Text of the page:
A group of 21 metals manufacturing students from Portland’s Franklin High School tour the Western Star truck manufacturing facility in Portland, Ore. Western Star manufactures semi-trucks for specialized fields, such as mining and construction, as well as for long-haul truckers. (Photos by Scott Varley for the NAM.)
A group of 57 metals manufacturing students from Portland’s David Douglas High School tour the Purdy paintbrush manufacturing facility in Portland, Ore. Purdy is a division of Sherwin-Williams paint company. (Photos by Scott Varley for the NAM.)

Of course, our work to inspire young people cannot be limited to just one day. Manufacturing Day activities will continue throughout the month, and at the NAM and The Manufacturing Institute, educating others about the importance of closing the skills gap is a year-round mission.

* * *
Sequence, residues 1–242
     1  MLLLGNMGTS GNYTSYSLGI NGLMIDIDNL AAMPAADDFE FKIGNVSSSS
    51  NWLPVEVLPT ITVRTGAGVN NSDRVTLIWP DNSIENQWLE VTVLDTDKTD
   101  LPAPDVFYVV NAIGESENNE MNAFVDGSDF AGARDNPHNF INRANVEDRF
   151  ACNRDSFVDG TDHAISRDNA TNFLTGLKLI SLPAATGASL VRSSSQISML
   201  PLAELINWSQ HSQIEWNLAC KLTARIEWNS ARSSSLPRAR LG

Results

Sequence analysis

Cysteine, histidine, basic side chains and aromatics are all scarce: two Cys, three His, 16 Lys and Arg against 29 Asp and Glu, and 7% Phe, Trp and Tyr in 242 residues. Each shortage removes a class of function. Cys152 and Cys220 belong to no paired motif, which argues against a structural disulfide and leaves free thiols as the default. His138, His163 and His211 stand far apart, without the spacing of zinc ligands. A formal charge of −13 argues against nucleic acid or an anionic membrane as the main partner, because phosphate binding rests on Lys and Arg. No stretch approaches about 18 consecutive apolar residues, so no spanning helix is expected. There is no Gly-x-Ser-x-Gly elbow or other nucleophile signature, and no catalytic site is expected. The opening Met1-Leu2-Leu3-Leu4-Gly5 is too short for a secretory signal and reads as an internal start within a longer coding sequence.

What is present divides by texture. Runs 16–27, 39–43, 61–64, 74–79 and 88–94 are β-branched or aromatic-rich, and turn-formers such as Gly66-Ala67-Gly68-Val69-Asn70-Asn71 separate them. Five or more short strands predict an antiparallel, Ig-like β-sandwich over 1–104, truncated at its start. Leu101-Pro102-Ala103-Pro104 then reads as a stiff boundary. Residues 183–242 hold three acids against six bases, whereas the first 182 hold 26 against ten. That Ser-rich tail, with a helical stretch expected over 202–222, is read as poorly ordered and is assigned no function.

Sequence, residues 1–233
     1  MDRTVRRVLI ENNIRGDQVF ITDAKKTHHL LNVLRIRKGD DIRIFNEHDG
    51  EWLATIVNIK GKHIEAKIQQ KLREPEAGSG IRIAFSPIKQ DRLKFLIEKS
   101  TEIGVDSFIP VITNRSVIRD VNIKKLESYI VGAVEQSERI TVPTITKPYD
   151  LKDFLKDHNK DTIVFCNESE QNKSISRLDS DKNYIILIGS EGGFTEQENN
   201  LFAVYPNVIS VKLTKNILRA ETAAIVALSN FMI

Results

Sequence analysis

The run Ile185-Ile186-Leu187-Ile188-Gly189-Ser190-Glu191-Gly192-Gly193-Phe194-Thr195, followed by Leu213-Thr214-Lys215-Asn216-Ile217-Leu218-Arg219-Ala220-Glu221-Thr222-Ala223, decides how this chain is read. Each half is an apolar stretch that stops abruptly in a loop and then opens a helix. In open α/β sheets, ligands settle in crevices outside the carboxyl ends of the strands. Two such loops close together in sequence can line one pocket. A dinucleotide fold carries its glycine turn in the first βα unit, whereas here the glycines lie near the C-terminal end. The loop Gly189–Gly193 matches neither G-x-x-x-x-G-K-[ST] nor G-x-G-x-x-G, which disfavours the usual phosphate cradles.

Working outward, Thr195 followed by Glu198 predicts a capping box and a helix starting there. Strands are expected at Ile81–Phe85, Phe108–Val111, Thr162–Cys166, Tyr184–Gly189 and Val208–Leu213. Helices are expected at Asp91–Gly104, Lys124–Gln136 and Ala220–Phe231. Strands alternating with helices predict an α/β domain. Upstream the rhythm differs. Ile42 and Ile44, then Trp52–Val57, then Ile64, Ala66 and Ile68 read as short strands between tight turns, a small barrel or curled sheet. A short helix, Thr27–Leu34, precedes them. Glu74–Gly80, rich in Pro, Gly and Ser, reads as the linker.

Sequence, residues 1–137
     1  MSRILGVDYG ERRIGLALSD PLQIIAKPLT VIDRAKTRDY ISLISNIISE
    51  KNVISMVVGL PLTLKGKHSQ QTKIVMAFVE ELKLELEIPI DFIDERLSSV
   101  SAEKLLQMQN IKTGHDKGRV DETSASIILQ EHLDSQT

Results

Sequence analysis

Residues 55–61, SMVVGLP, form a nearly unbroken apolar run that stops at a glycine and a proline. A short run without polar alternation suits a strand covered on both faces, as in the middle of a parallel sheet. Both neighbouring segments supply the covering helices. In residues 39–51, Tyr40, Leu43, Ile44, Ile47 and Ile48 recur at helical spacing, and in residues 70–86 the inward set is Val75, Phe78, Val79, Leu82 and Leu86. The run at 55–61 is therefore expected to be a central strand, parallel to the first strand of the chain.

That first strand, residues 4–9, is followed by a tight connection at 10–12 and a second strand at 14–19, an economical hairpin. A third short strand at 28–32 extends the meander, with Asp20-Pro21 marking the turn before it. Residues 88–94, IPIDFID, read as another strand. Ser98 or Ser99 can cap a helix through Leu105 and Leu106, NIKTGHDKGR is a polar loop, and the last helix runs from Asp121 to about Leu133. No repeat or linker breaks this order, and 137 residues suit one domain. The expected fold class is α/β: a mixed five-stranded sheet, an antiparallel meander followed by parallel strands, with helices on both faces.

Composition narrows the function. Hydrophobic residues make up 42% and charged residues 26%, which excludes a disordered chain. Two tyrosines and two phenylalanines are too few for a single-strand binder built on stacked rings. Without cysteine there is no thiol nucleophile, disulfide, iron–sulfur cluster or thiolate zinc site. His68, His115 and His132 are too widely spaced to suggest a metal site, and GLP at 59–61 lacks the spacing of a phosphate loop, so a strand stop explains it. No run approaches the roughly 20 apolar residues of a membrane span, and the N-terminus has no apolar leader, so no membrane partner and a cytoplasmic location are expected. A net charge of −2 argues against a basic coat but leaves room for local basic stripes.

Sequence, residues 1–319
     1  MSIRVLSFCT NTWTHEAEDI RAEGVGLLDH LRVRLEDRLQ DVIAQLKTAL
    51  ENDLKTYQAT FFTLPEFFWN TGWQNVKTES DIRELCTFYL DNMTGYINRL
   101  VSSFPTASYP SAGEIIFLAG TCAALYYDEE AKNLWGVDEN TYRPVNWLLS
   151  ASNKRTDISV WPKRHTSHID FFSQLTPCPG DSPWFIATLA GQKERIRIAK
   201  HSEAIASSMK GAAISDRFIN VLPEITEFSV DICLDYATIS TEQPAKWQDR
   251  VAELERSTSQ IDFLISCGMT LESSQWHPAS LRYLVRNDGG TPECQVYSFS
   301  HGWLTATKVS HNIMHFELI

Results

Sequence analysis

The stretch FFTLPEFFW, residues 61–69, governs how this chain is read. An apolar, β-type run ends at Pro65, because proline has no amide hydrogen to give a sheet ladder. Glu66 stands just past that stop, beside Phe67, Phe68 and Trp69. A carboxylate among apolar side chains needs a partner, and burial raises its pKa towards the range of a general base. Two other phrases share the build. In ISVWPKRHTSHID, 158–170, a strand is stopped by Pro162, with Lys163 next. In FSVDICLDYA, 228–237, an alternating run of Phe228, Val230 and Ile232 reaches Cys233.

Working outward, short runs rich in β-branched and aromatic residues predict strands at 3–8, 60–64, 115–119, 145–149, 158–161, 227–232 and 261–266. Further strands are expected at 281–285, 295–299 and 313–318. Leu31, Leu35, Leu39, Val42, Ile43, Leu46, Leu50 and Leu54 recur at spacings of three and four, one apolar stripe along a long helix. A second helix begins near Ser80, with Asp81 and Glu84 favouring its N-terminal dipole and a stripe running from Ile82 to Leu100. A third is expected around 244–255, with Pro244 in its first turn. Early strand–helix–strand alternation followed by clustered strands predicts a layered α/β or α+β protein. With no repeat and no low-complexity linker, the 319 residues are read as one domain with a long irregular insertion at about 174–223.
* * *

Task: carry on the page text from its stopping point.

Please take a moment to watch a video from NAM Board Chair Gregg Sherrill about the importance of competing to win and leading the world.

After all, that’s what Manufacturing Day is all about: telling our story of competing, winning and leading.

Thank you for doing your part.


Connect with Us
Questions or comments?
Please contact NAM Vice President of Executive Communications Chrys Kefalas at (202) 637-3082 or [email protected].
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CACI Federal Policy Council Discusses GMOs, Tours Western Sugar’s Fort Morgan Processing Facility

CACI Federal Policy Council Tours Western Sugar’s Fort Morgan Processing Facility

CACI Federal Policy Council Tours Western Sugar’s Fort Morgan Processing Facility

On Tuesday, CACI’s Federal Policy Council held a unique, off-site meeting for its members to hear from Senate staff and experience first-hand one of the state’s longest-running manufacturing processes and oldest industries: producing granulated sugar from sugar beets.

Guest speakers, Chuck Poplstein, State Director for U.S. Senator Cory